Encouraging, Inspiring and Rewarding Young Writers

Encouraging, Inspiring and Rewarding Young Writers

Youth Creative Writing Contest winners to be announced at the Great Falls Book Festival.

More than 100 sixth-graders from Forestville Elementary School participated in the Great Falls Writer’s Group (GFWG) first Youth Creative Writing Contest. Winners will be announced and read their works during the afternoon event themed “Every Child Is A Storyteller” from 2 to 4 p.m. on Saturday, May 2, at the first Great Falls Book Festival at the Great Falls Library.

The GFWG started the contest to encourage and inspire young writers and reward their efforts. As a student, GFWG Member Michael Cappitelli won a similar contest. “Placing second reinforced that I was on a good path because I then went to university as a communications arts major.”

That experience provided a self-confident foundation to pursue writing. Now the Reston resident and other GFWG members provide a similar opportunity for local children. “Being part of the contest made me feel like I had something to contribute – that what I say matters,” says Cappitelli.

“Great writers don’t become great writers overnight. Influences throughout the years create a cannon of thoughts that become stories of their own,” says Miller, president of the Friends of the Great Falls Library and founder of the local Kids’ Book Club.

GFWG writers determined two writing prompts from which sixth graders could choose. One prompt drew from personal experience. The other prompt required writing about an illustration from a soon-to-be published book by local children’s author and illustrator, Brenda Klimavitz, of Vienna.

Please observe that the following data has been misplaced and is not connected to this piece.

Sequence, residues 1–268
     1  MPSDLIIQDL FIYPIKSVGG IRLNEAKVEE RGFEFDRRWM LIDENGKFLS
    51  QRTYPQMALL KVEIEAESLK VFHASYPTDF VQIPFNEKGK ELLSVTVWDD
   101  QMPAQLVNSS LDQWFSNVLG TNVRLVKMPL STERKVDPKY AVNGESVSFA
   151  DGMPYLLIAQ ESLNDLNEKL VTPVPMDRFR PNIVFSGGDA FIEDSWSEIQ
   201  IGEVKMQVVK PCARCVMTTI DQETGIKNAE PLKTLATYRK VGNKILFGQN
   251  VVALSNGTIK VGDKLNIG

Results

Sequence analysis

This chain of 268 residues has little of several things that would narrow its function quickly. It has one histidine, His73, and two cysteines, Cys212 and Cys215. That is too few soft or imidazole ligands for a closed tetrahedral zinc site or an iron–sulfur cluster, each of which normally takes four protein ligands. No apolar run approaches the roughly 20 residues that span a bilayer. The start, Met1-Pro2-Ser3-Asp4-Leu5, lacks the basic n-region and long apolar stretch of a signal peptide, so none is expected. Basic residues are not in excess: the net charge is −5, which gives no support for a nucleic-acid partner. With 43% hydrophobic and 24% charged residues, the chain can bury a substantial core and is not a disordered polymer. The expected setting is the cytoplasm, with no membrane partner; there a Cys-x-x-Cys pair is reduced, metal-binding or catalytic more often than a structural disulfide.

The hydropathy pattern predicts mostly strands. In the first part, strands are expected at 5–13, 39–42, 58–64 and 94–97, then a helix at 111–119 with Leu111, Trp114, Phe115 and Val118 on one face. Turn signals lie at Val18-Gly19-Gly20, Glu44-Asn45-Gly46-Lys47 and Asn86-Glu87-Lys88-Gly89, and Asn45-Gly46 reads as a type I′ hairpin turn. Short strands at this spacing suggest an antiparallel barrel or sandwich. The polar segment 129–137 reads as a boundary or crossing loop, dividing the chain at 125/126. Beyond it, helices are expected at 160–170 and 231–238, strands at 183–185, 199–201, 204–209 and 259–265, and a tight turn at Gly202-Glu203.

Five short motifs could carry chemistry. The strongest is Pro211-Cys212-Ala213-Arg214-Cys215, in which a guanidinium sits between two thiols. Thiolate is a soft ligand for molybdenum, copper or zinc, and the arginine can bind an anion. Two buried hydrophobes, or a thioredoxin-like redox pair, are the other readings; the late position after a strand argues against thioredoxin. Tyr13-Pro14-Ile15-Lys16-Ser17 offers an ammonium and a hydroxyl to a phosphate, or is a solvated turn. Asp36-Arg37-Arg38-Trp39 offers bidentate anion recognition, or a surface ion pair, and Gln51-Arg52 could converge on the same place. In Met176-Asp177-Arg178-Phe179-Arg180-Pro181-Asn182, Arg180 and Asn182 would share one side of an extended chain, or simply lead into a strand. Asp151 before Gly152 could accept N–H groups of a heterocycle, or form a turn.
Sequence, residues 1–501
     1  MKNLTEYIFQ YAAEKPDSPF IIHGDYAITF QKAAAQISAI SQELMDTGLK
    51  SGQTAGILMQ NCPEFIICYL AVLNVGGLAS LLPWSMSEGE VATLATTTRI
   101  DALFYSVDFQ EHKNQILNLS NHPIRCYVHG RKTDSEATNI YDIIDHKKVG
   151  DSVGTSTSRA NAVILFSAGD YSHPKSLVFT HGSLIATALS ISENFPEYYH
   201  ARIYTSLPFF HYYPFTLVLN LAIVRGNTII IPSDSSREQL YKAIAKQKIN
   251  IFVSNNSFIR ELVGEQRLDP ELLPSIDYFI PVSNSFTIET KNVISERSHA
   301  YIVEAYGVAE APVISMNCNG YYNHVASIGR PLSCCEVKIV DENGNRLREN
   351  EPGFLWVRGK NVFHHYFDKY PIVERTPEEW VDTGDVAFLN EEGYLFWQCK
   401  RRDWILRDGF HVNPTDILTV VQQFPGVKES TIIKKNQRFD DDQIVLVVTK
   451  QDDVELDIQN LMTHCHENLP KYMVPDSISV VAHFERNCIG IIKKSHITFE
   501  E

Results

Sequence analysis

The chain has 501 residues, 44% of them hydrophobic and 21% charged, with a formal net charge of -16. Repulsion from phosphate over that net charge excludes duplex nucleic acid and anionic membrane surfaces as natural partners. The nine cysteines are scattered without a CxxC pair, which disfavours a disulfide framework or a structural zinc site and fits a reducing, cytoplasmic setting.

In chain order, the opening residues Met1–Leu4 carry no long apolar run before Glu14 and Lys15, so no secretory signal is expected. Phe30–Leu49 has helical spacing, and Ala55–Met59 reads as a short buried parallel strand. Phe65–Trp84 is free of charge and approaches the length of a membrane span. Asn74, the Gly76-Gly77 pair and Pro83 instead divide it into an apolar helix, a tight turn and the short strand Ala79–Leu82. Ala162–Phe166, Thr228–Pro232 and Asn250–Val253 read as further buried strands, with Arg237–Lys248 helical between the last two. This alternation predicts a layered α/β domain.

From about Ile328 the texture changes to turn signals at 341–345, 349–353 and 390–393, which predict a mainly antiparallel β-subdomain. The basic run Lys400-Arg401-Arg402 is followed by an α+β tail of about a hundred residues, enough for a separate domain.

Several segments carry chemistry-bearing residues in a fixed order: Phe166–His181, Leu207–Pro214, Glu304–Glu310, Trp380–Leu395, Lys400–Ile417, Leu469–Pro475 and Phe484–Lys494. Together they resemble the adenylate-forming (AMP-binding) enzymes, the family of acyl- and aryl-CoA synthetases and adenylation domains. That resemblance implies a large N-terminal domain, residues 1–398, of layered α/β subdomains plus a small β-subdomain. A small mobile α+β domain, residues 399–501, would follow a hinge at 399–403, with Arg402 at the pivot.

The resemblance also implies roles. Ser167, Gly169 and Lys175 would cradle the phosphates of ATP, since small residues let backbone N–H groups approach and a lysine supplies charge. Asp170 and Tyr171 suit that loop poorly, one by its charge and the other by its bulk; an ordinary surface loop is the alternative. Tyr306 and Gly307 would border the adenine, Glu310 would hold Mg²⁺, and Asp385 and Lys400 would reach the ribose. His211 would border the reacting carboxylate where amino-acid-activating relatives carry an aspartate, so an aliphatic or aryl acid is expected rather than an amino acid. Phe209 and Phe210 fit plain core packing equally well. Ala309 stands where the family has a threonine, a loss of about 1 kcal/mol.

STUDENTS HAD ONLY 30 MINUTES to write. While their teacher graded the classroom assignment based on her students’ abilities, essays were also assigned a number to achieve anonymity and submitted to contest judges who weighed writing based on creative and original merits.

With the guidance of Forestville Elementary School Principal Todd Franklin and teacher Jennifer Donlon, judging criteria was established using standards already required for sixth-graders, but originality and creativity were deciding rubric factors. Fairfax County Public Schools approved the contest because the assignment is fairly administered, fits into student curriculum, and no outside influence from peers, siblings, or parents can influence or skew results, vocabulary or creativity in the assignment. Each submission is original and only from the mind and heart of each student.

GFWG members administered the contest, but judging was done solely by non-GFWG members who routinely work with or write for young readers.

Judges include Beth Jannery, director of the Journalism Program at George Mason University; Laura Malone Elliott, a published and nationally-known author who writes historical fiction for children and young adults; and Daniela Dixon, librarian and manager of the Great Falls Library.

“Some young writers were very brave and raw in their writing, which gave me goose bumps at times. Others were funny and curious and had me laughing,” said Jannery about the entries. “I was inspired in meaningful ways by them all. What hope I have for this generation of writers.”

During the book festival’s afternoon event targeting young readers and writers, Children’s Author Courtney Pippin-Mathur from Alexandria will help youngsters find their titles and start writing their own books.

JUDGES from the contest plan to share what they’ve learned through the contest judging experience and share with young persons how to become better writers.

The Friends of the Great Falls Library will provide the cash awards for the winners. Miller added, “This is a culmination of all the library community hopes it can create. Great thinkers, great writers, great readers and great storytellers.”